Send to

Choose Destination
See comment in PubMed Commons below
Dentomaxillofac Radiol. 2011 Mar;40(3):154-9. doi: 10.1259/dmfr/30045588.

Detecting young Japanese adults with undetected low skeletal bone density using panoramic radiographs.

Author information

Department of Oral and Maxillofacial Radiology, School of Dentistry, Matsumoto Dental University, 1780 Gobara Hirooka, Shiojiri, Japan.



The cortical width below the mental foramen of the mandible determined from panoramic radiographs is a useful screening tool for identifying elderly individuals with a low skeletal bone mineral density (BMD). However, whether the mandible cortical width (MCW) is useful for identifying a low skeletal BMD in men and women of 40 years or younger is not known.


The BMD of the calcaneus was measured by ultrasonography bone densitometry in 158 men and 76 women aged 18-36 years. A logistic regression analysis adjusted for age was used to calculate the odds ratios and 95% confidence interval (CI) of having a low calcaneal BMD, according to the quartiles of the MCW. The areas under the receiver operator characteristic curve (AUC) for identifying participants with a low calcaneal BMD using the MCW were assessed to evaluate the diagnostic efficacy of the MCW.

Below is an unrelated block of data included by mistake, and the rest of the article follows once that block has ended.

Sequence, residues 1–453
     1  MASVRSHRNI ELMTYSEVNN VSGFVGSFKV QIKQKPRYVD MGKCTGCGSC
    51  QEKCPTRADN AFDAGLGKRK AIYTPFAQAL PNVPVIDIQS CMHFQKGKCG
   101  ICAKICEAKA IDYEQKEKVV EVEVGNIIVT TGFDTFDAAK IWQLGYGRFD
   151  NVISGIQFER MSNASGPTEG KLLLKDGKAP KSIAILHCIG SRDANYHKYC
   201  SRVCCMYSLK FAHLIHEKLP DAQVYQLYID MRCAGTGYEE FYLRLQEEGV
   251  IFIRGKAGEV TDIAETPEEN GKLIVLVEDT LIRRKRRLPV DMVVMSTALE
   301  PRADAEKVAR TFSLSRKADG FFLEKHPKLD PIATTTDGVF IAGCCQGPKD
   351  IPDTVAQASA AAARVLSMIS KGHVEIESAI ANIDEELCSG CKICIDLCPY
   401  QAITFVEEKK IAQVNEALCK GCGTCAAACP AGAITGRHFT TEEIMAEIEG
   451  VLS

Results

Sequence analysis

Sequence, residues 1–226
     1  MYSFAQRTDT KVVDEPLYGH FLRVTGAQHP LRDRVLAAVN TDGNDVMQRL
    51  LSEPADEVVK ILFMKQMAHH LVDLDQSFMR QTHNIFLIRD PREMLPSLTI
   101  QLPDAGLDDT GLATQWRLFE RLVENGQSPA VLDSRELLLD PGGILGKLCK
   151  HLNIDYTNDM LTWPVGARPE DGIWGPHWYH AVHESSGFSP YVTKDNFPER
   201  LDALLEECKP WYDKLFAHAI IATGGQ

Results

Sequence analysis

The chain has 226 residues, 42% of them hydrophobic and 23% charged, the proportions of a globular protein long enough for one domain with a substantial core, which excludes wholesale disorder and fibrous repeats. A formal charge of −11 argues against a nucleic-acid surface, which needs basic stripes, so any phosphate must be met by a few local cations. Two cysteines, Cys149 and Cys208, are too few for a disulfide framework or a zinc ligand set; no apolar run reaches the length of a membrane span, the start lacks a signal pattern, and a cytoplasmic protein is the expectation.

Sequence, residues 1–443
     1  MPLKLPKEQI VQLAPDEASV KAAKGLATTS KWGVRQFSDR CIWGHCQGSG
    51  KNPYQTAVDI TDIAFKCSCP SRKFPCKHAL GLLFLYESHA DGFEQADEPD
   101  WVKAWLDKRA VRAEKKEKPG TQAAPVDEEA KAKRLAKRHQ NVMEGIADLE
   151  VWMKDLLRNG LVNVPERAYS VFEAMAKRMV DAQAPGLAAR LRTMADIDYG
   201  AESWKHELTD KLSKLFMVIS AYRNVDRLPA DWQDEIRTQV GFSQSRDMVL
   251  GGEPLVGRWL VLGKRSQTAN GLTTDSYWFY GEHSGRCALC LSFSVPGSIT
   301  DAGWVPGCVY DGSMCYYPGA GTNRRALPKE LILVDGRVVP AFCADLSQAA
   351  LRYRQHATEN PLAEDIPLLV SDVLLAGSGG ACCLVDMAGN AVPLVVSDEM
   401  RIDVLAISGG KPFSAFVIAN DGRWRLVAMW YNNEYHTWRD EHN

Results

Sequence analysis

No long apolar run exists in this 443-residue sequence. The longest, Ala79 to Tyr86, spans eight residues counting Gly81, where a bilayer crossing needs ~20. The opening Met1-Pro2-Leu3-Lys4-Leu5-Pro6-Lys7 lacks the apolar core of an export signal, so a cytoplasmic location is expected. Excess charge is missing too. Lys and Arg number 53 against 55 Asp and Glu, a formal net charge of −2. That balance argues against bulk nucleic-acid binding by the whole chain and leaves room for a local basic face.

In men, the adjusted odds ratios of a low calcaneal BMD associated with the second, third and lowest quartiles of MCW were 5.66 (95% CI, 0.61-52.23), 5.43 (95% CI, 0.59-50.18) and 33.22 (95% CI, 3.97-276.94), respectively, compared with the highest quartile, while no significant trend in the adjusted odds ratios was observed in women. The AUC for identifying participants with a low calcaneal BMD based on the MCW was 0.796 (95% CI, 0.702-0.890) in men and 0.593 (95% CI, 0.398-0.788) in women.


MCW determined from panoramic radiographs can be used to identify undetected low calcaneus BMD in young adult men, but not in young adult women.

[Indexed for MEDLINE]
Free PMC Article
PubMed Commons home

PubMed Commons

How to join PubMed Commons

    Supplemental Content

    Full text links

    Icon for Atypon Icon for PubMed Central
    Loading ...
    Support Center